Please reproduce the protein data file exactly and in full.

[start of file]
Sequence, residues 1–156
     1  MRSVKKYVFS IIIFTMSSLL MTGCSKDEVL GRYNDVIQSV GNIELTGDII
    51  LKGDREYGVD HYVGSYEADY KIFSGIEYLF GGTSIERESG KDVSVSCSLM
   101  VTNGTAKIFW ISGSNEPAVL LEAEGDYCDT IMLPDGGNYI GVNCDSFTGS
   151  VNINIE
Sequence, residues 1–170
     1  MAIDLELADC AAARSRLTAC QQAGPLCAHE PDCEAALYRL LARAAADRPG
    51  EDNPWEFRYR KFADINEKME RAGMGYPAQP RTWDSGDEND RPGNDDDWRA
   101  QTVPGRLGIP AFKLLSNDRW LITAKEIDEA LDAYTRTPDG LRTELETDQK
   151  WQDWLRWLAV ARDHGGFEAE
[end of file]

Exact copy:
Sequence, residues 1–156
     1  MRSVKKYVFS IIIFTMSSLL MTGCSKDEVL GRYNDVIQSV GNIELTGDII
    51  LKGDREYGVD HYVGSYEADY KIFSGIEYLF GGTSIERESG KDVSVSCSLM
   101  VTNGTAKIFW ISGSNEPAVL LEAEGDYCDT IMLPDGGNYI GVNCDSFTGS
   151  VNINIE
Sequence, residues 1–170
     1  MAIDLELADC AAARSRLTAC QQAGPLCAHE PDCEAALYRL LARAAADRPG
    51  EDNPWEFRYR KFADINEKME RAGMGYPAQP RTWDSGDEND RPGNDDDWRA
   101  QTVPGRLGIP AFKLLSNDRW LITAKEIDEA LDAYTRTPDG LRTELETDQK
   151  WQDWLRWLAV ARDHGGFEAE